Judge Steven J. Connelly
FY 2013 - 2018, Batavia Immigration Court
Attorney General Eric Holder appointed Judge Connelly in October 2010. Judge Connelly received a bachelor of arts degree in 1983 and a juris doctorate in 1986, both from the State University of New York at Buffalo. From 2003 to October 2010, he worked as an assistant chief counsel, Department of Homeland Security, Immigration and Customs Enforcement, Buffalo, N.Y. From 1994 to 2003, Judge Connelly was a trial attorney and an assistant district counsel for the former Immigration and Naturalization Service, Buffalo. During that time, from 2000 to 2003, he was designated as a civil special assistant U.S. attorney for the Department of Justice, U.S. Attorney's Office, Western District of New York. From 1992 to 1994, Judge Connelly worked as an attorney for the International Institute of Buffalo, representing individuals in immigration court proceedings. From 1989 to 1992, he was an attorney in Buffalo for Serotte, Reich and Seipp, which specialized in the practice of U.S. immigration law. Judge Connelly is a member of the New York State Bar.
Deciding Asylum Cases
Figure 1: Percent of Asylum Matters Denied
Detailed data on Judge Connelly decisions were examined for the period covering
fiscal years 2013 through 2018. During this period, Judge
Connelly is recorded as deciding 237 asylum claims on their merits. Of these,
he granted 44, gave no conditional grants, and denied 193.
Converted to percentage terms, Connelly denied 81.4 percent and granted (including
conditional grants) 18.6 percent. Figure 1 provides a comparison of Judge Connelly's
denial rate fiscal year-by-year over this recent period.
(Rates for years with less than 25 decisions are not shown.)
Compared to Judge Connelly's denial rate of 81.4 percent, nationally
during this same period, immigration court judges denied 57.6 percent
of asylum claims. In the Batavia Immigration Court where Judge Connelly
was based, judges there denied asylum 81.1 percent of the time. See Figure 2.
Figure 2: Comparing Denial Rates (percents)
Judge Connelly can also be ranked compared to each of the 347 individual immigration judges
serving during this period who rendered at least one hundred decisions in a city's immigration court. If judges were ranked
from 1 to 347 - where 1 represented the highest denial percent and 347
represented the lowest - Judge Connelly here receives a rank of 126. That is 125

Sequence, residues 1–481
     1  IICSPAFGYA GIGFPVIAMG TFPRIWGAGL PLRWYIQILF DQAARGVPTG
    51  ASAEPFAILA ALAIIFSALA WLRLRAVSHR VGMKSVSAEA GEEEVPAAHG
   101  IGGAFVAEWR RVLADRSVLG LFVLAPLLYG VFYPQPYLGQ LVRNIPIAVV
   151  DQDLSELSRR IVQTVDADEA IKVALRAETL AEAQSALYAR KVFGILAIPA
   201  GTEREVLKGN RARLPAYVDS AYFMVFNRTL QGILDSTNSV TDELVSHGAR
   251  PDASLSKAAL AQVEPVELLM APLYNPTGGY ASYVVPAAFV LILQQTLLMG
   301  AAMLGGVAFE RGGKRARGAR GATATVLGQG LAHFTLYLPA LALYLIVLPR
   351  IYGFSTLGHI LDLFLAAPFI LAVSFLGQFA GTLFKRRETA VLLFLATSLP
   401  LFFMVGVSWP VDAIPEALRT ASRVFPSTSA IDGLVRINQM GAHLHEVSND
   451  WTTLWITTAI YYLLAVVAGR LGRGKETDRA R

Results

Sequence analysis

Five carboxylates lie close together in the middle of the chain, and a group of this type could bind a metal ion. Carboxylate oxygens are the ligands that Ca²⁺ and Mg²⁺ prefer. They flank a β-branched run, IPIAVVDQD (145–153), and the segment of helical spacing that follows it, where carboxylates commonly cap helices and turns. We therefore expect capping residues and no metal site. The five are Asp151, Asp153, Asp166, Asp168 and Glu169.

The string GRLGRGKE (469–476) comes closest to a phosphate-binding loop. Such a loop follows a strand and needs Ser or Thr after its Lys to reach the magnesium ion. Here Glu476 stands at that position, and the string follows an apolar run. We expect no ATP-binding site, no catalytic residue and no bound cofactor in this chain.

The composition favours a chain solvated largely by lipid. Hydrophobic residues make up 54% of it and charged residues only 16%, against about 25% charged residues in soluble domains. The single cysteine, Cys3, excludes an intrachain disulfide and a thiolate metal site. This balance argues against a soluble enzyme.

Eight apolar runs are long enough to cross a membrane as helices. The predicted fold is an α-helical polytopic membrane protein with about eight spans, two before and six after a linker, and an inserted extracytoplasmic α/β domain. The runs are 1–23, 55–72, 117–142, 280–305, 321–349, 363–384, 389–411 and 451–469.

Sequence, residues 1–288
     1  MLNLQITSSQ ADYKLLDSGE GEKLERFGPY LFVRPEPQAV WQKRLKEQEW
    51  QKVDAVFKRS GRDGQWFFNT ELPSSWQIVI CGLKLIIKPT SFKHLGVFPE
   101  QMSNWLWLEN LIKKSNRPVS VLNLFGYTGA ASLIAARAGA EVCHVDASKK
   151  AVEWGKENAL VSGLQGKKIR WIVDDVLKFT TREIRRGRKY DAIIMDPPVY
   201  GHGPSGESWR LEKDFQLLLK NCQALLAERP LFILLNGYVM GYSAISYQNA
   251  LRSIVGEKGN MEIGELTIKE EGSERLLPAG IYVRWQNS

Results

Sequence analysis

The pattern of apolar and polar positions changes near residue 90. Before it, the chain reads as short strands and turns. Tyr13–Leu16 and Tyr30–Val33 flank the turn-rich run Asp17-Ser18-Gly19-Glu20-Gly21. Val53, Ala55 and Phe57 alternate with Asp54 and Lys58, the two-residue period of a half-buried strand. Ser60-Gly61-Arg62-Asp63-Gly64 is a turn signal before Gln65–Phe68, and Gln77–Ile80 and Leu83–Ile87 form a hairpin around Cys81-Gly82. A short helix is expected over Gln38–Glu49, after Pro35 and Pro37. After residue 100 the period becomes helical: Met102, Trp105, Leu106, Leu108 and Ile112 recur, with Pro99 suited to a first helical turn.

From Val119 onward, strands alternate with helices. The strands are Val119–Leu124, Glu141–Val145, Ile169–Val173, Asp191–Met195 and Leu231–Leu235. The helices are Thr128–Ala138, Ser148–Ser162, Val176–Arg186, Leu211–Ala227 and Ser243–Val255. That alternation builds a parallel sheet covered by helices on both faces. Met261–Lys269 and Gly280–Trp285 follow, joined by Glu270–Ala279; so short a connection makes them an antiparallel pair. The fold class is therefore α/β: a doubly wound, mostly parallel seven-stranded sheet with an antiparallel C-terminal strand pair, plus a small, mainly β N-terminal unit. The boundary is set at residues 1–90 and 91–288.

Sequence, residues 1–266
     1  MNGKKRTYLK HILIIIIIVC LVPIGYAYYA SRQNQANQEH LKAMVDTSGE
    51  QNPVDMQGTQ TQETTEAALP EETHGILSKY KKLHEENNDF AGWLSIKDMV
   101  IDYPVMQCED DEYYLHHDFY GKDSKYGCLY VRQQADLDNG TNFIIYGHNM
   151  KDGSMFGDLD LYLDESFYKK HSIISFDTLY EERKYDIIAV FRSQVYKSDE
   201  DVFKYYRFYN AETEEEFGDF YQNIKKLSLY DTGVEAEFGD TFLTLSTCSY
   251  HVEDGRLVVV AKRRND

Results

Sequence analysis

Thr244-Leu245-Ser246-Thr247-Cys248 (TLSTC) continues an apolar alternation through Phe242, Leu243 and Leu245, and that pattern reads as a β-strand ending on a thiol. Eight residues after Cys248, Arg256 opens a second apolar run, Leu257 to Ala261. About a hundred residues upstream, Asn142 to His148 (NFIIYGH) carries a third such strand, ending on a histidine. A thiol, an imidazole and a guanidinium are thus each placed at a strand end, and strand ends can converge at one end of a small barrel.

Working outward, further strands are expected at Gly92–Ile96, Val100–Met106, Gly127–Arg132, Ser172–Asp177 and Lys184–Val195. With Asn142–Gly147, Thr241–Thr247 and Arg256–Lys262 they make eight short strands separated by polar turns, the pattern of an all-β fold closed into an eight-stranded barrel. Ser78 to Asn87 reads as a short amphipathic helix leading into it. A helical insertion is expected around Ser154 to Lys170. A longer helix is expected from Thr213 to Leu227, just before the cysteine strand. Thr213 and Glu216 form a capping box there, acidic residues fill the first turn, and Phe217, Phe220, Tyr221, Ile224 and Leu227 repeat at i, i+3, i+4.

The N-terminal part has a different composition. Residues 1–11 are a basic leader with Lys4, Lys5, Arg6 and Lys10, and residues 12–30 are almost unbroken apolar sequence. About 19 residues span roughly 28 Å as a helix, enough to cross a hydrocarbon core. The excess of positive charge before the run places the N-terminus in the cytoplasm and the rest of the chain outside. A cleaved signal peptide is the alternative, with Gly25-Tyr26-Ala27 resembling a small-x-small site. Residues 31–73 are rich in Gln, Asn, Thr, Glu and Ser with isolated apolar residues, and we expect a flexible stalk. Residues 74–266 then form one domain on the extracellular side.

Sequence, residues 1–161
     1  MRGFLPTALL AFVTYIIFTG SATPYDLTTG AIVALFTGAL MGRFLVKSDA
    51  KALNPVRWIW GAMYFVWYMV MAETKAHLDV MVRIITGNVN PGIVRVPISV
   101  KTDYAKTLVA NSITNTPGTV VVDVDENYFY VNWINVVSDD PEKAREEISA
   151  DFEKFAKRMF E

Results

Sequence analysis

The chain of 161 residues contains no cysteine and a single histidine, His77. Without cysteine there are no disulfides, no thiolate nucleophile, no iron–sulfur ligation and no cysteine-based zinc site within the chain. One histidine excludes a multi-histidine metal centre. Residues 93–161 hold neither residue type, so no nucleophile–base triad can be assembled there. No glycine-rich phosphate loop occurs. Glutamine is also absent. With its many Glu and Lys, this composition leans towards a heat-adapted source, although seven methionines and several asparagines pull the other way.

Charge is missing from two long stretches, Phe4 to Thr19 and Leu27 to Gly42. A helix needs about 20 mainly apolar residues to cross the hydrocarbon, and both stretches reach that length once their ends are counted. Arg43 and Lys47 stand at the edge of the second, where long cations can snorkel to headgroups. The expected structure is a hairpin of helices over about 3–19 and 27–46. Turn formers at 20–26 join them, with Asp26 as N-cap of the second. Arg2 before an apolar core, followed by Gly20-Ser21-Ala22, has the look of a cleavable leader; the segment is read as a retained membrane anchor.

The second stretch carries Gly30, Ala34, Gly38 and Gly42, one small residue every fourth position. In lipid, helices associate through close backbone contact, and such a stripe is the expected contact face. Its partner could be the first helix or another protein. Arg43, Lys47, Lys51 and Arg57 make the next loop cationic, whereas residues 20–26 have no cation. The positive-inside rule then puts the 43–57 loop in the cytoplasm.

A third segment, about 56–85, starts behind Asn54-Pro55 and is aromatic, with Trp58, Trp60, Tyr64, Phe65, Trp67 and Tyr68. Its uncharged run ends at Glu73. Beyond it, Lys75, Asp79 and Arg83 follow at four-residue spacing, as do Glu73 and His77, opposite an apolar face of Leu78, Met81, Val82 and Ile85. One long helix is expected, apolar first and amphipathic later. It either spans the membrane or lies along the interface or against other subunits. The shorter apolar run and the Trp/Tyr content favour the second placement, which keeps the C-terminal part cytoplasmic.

judges denied asylum at higher rates, and 221 denied asylum at the same
rate or less often. Ranks are tallied separately for each immigration court. Should a judge serve on more than one court
during this period, separate ranks would be assigned in any court that the judge rendered at least 100 asylum decisions in.
Why Do Denial Rates Vary Among Judges?
Denial rates reflect in part the differing composition of cases assigned to
different immigration judges. For example, being represented in court and the nationality
of the asylum seeker appear to often impact decision outcome. Decisions also appear to
reflect in part the personal perspective that the judge brings to the bench.
Figure 3: Asylum Seeker Had Representation
If an asylum seeker is not represented by an
attorney, almost all (91%) of them are denied asylum. In contrast, a
significantly higher proportion of represented asylum seekers are successful.
In the case of Judge Connelly, 53.6% were not
represented by an attorney. See Figure 3. For the nation as a whole,
about 20% of asylum seekers are not represented.
Asylum seekers are a
diverse group. Over one hundred different nationalities had at least one hundred
individuals claiming asylum decided during this period. As might be expected,
immigration courts located in different parts of the country tend to have
proportionately larger shares from some countries than from others. And, given
the required legal grounds for a successful asylum claim, asylum seekers
from some nations tend to be more successful than others.
Figure 4: Asylum Decisions by Nationality
For Judge Connelly, the largest group of asylum seekers appearing before him came
from Somalia. Individuals from this nation made up 11 % of his caseload.
Other nationalities in descending order of frequency appearing before Judge Connelly were:
Eritrea (10.5 %), El Salvador (10.5%), Honduras (8.4%), Mexico (8%).
See Figure 4.
In the nation as a whole during this same period, major nationalities of asylum
seekers, in descending order of frequency, were China (18.5%), El Salvador (14.7%), Mexico (12.0%), Honduras (10.9%), Guatemala (10.3%), India (3.2%), Haiti (2.1%), Nepal (1.8%), Eritrea (1.3%), Ethiopia (1.3%), Somalia (1.2%), Cameroon (1.0%), Bangladesh (1.0%).